• Piaget platinum with diamonds (I have no idea of how to tell time with this watch, but as a design it works for formal)
    • Arnold and Son - This would be my second choice to wear with formal attire.
    • Audemars Piguet (all three versions) - I would have to choose the red one. I would love to choose either of the other two watches, but I would have preferred the elements of the tourbillon plated to match the dragon or the dial (don't care which). The red one is best in this regard.
    • Angular Momentum (last watch) -- I was on the fence with this one. I finally decided the imagery itself and the case design were enough to carry it into the formal realm. I'd have had an easier time had the time aperture been colored to blend more so that not blend in at all, but that only becasue the imagery is just so very beautiful I wished it weren't interrupted.
The last thing I'll discuss is bulk. I suppose it's possible to make a bulky, formal watch, but I can't imagine how or what it would look like. The reason is that at a certain point, the bulk of the watch makes the person become ostentatious rather than just the watch being so. It's very had to imagine how a great looking watch that's too large to fit underneath a shirt cuff can be elegant.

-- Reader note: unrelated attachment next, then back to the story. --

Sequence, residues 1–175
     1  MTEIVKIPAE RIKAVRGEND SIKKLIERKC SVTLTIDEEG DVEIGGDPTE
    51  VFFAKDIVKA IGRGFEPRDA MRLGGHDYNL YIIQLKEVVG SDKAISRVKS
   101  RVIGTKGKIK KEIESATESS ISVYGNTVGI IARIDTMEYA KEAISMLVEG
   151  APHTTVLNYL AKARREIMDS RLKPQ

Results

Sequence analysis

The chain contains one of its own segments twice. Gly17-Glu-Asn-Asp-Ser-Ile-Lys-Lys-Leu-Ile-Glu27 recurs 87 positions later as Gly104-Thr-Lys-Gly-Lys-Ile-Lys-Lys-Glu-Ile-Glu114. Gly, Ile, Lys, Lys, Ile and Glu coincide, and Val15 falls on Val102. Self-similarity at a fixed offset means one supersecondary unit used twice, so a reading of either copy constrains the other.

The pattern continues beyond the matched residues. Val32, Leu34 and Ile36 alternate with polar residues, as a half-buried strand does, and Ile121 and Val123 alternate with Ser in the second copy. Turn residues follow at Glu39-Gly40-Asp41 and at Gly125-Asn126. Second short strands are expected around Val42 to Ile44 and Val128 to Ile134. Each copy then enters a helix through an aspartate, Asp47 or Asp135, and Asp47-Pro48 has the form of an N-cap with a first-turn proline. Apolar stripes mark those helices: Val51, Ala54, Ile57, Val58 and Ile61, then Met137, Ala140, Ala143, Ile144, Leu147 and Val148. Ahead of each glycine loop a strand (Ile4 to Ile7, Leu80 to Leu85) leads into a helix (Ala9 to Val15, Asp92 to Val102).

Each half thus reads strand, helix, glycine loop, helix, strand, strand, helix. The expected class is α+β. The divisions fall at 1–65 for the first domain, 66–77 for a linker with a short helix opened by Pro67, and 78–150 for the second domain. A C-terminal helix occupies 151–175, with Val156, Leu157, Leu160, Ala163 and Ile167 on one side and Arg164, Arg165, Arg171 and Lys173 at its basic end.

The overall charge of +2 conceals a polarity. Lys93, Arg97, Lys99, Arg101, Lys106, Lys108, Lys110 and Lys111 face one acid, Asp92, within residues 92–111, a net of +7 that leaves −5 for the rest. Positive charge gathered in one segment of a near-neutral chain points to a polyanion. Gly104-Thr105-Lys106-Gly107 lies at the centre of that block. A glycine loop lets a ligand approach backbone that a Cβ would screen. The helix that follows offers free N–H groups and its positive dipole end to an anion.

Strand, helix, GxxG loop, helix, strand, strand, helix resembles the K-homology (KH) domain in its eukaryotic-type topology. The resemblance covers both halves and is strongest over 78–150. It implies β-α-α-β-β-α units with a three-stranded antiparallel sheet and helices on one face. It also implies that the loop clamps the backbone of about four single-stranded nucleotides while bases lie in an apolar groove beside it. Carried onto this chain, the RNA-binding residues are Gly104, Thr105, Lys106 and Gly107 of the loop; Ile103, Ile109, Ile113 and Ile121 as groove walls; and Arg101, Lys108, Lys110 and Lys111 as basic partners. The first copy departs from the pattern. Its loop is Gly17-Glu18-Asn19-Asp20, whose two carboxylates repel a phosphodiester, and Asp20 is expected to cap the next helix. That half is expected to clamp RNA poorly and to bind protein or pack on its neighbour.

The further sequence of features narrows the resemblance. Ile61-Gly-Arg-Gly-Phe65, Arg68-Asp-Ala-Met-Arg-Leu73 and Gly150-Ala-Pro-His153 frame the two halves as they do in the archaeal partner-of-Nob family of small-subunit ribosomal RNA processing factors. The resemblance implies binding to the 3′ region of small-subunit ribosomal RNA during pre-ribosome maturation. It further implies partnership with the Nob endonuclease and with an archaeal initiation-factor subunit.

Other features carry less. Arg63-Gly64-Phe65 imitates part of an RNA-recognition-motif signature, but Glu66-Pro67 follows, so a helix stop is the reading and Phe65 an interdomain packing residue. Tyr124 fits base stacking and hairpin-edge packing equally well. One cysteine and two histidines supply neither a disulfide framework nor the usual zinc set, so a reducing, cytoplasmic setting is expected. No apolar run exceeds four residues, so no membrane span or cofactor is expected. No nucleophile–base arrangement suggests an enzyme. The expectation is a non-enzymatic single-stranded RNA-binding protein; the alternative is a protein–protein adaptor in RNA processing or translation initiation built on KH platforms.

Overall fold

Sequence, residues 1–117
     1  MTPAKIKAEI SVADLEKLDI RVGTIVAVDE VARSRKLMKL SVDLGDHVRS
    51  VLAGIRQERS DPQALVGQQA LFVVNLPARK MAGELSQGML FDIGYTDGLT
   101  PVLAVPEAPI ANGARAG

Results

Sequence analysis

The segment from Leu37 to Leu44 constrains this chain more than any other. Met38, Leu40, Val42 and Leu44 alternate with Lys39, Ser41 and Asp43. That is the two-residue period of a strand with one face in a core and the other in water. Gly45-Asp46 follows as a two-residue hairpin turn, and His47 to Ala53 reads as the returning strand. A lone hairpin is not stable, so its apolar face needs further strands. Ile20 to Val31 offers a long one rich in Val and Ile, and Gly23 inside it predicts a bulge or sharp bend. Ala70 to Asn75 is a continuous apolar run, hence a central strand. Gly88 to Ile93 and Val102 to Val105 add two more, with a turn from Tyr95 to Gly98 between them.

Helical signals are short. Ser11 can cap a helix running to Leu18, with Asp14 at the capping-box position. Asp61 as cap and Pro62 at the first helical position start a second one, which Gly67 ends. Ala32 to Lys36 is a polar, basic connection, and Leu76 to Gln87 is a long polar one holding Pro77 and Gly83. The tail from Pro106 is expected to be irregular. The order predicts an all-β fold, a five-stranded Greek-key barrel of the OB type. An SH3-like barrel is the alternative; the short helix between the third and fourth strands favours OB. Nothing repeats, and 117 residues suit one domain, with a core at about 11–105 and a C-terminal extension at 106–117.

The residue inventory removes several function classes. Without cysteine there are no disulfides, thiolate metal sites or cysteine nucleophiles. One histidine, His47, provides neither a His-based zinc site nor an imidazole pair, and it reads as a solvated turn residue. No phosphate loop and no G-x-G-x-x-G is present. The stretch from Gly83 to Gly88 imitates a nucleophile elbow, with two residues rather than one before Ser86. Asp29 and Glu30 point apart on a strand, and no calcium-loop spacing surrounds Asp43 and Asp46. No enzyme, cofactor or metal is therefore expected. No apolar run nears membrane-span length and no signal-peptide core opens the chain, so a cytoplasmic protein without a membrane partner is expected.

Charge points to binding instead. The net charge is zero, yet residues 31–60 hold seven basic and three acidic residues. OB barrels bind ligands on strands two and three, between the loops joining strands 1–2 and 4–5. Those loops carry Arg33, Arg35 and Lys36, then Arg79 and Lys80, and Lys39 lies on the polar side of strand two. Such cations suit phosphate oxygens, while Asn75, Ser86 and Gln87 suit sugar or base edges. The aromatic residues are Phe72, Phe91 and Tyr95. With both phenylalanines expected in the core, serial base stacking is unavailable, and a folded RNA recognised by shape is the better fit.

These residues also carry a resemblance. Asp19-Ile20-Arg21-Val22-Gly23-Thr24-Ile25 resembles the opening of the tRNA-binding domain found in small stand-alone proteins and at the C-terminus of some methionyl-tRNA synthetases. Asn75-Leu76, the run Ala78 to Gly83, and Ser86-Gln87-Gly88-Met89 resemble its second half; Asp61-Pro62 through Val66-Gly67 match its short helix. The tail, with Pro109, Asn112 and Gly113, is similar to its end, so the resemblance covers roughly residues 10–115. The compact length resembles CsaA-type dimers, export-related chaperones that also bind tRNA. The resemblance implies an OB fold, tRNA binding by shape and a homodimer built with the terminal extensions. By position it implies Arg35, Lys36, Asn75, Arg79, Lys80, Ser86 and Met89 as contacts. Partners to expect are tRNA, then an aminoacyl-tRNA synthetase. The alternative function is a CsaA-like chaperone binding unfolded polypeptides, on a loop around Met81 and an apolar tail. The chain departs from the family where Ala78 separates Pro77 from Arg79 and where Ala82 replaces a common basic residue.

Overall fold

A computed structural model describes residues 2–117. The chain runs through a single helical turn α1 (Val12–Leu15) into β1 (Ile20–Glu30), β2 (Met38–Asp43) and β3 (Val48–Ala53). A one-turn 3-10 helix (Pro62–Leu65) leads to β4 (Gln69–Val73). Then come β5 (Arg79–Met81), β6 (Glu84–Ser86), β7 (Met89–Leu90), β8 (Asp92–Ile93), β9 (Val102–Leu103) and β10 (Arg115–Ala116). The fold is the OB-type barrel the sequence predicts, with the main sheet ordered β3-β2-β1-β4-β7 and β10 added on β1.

All the best.
 

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You know, I just realized on those dragons I posted above (p6), they are all five -toed creatures.

I guess it's a good thing there is no Chinese emperor, and that we aren't ruled by one seeing as nobody else would be permitted to wear a watch sporting such a beast. LOL
 

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I like pie... especially at a convention.